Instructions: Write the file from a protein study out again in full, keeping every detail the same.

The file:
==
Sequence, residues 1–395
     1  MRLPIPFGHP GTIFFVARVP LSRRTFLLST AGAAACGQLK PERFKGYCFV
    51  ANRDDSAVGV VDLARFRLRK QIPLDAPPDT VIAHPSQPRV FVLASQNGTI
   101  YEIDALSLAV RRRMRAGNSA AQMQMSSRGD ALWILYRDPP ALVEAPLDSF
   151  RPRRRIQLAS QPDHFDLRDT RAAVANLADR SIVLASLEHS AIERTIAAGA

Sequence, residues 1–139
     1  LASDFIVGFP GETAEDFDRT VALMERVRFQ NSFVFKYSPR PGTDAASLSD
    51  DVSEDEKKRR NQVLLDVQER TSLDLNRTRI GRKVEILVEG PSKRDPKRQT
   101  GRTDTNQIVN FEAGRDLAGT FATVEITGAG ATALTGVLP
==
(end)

Sequence, residues 1–395
     1  MRLPIPFGHP GTIFFVARVP LSRRTFLLST AGAAACGQLK PERFKGYCFV
    51  ANRDDSAVGV VDLARFRLRK QIPLDAPPDT VIAHPSQPRV FVLASQNGTI
   101  YEIDALSLAV RRRMRAGNSA AQMQMSSRGD ALWILYRDPP ALVEAPLDSF
   151  RPRRRIQLAS QPDHFDLRDT RAAVANLADR SIVLASLEHS AIERTIAAGA

Sequence, residues 1–139
     1  LASDFIVGFP GETAEDFDRT VALMERVRFQ NSFVFKYSPR PGTDAASLSD
    51  DVSEDEKKRR NQVLLDVQER TSLDLNRTRI GRKVEILVEG PSKRDPKRQT
   101  GRTDTNQIVN FEAGRDLAGT FATVEITGAG ATALTGVLP